The Schönburg castle ruins on the Rhine, near Oberwesel.

The Schönburg castle ruins on the Rhine, near Oberwesel. The 12th century hilltop castle was destroyed by the French during the War of the Grand Alliance (The Nine Years’ War 1688–1697) in 1689.

Ruins, Schönburg, castle, Oberwesel, Rhine
Ruins of Schönburg castle, near Oberwesel, on the Rhine by Walter Bentley Woodbury


AFTER passing the broad but somewhat shallow portion of the Rhine which stretches from Mainz (or Mayence) to Bingen in a direction almost due east and west, and in which the channel is divided here and there by several long and narrow islands, the traveller finds the course of the river alter to the north-west, while the river itself is narrower, and its banks steeper.

Leaving Lorch and Caub behind him on the right bank, and Bacharach, almost midway between them, on the left, he approaches Obenwesel, which is also on the left bank. This is a charming little town, one of the gems, in fact, of the Rhine, picturesquely situated amid beautiful scenery, and possessing two architectural attractions in the Ochsenturm, a castle by the river-side with battlemented walls and a high round watch-tower; and the Liebfrauenkirche, or Church of Our Lady, just beyond the limits of the town, presenting in its roof, porches, rood-loft, and altar-piece, many exquisite studies of mediaeval Gothic art and architecture of the fourteenth century.

Attached to this church is a side chapel, in which are many monuments and tombs, not remarkable for beauty of design and careful execution, but interesting from the fact that they are erected to the memory of various members of the Schönberg or Schomberg family, one of whom, the famous Frédéric Armand, Duc de Schomberg and Marshal of France, quitted, immediately after the revocation of the Edict of Nantes, the country for which he had fought so bravely accompanied William of Orange to England in 1688, and, two years later, fell at the battle of the Boyne in the hour of victory.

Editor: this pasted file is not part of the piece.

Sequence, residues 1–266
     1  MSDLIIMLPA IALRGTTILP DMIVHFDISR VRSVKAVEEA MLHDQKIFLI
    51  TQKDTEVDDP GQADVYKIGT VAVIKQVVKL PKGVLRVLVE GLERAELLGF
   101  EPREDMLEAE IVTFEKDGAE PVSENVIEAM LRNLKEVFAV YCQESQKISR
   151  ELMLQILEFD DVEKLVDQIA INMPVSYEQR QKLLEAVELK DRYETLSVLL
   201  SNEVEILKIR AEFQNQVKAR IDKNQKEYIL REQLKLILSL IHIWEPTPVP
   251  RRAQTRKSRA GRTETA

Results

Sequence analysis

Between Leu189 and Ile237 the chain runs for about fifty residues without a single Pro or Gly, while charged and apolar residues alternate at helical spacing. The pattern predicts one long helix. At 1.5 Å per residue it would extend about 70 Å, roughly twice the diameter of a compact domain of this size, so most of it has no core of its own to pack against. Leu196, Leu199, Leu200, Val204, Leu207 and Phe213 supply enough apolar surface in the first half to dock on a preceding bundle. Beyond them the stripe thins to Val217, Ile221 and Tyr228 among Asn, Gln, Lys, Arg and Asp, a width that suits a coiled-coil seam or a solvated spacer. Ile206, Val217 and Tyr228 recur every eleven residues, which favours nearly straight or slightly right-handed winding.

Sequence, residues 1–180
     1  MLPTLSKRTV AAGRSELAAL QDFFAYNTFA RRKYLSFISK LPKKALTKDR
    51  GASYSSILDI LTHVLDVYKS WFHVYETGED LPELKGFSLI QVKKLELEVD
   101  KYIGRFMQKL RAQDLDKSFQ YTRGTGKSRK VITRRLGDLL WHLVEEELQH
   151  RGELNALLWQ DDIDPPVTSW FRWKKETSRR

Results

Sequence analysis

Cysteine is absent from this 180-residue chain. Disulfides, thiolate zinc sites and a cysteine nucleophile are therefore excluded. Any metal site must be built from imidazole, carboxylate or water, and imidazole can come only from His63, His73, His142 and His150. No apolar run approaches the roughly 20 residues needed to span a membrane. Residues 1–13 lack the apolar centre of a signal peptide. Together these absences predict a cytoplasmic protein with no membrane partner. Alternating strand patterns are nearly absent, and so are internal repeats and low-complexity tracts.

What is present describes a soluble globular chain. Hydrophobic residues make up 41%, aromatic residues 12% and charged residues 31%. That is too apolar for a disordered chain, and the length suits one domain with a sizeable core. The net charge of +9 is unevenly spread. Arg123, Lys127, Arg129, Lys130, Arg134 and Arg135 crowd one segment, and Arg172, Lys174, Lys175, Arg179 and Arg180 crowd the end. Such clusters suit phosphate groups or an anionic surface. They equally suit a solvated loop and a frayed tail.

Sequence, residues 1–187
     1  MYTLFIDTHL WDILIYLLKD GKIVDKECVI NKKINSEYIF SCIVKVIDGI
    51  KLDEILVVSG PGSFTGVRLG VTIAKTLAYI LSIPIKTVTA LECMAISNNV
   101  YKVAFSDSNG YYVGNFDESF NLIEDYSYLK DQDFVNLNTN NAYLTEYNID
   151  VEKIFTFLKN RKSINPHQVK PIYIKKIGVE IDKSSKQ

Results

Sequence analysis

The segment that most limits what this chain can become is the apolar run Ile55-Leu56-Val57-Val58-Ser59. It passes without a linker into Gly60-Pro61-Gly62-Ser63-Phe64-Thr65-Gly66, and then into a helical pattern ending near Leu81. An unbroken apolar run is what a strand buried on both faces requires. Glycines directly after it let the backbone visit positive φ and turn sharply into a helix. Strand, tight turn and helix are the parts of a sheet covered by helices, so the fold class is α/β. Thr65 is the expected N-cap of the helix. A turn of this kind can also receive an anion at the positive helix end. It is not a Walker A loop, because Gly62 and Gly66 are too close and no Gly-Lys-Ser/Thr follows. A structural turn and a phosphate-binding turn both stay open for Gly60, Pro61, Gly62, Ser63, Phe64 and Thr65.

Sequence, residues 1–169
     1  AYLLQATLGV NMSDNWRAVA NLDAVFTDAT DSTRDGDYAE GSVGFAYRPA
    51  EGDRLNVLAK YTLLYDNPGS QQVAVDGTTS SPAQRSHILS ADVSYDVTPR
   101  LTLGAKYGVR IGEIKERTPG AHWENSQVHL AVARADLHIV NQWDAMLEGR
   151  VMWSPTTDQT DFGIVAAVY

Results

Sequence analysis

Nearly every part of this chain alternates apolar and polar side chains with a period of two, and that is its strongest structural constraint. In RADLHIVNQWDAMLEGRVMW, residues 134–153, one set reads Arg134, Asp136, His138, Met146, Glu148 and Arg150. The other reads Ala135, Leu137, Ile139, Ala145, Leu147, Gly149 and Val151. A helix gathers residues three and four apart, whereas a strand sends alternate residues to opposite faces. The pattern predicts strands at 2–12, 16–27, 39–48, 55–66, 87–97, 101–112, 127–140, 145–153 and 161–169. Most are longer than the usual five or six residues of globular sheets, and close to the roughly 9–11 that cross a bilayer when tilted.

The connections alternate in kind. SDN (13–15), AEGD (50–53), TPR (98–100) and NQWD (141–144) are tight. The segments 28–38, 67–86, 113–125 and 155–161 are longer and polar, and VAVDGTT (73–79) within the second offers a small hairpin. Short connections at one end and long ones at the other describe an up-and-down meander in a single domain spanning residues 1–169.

About half a mile above Oberwesel, on the same side of the river, are the ruins of the old castle of Schönberg, from which the Schombergs derived their family name. It stands on a height close to and commanding the river, and all who visit its crumbling walls are amply repaid by the view that is gained both up and down the river. The front towards the river is flanked on either side by a round tower, a conspicuous feature in every Rhenish castle of the period, as forming a vantage-ground for espial on the river and all that passed up or down.

It takes its name — Schönberg or Beautiful Hill — from the picturesque appearance of the eminence itself and the views on either side that are obtained from it. Tradition, however, assigns a different and far more romantic origin to the name, which is derived, as the story goes, from the seven beautiful daughters of a knight who once owned and held the fortalice and who was an ancestor of the hero of the Boyne. The bright eyes and fair faces of the seven ladies of the hill caused them to be sought in marriage by almost every unwedded knight who chanced to look on them, but each sister steadily and scornfully refused to listen to the vows and promises of any of those who aspired to her hand, and at last for their obstinacy and obduracy of heart the seven merciless sirens were changed into seven rocks, that show just above the surface of the stream near Oberwesel when the water is very low.

On many points about which it would interest one to be informed—namely, how, when, and by whom the young ladies were thrown into the Rhine, and by what agency each fair and beautiful form was metamorphosed into a black and ugly rock, tradition is altogether silent.

Source: Treasure spots of the world: a selection of the chief beauties and wonders of nature and art by Walter Bentley Woodbury (1834-1885); Francis Clement Naish. London: Ward, Lock, and Tyler, Paternoster Row, 1875.